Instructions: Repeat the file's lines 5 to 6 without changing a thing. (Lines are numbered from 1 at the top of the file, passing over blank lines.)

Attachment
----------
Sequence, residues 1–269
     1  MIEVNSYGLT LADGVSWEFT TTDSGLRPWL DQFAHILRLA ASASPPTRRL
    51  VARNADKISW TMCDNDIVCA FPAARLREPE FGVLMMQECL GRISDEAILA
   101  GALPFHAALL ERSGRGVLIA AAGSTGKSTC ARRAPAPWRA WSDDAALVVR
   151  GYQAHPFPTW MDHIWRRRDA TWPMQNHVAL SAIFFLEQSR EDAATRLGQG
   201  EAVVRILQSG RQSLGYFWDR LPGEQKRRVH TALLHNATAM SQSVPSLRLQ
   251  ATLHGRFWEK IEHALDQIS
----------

   151  GYQAHPFPTW MDHIWRRRDA TWPMQNHVAL SAIFFLEQSR EDAATRLGQG
   201  EAVVRILQSG RQSLGYFWDR LPGEQKRRVH TALLHNATAM SQSVPSLRLQ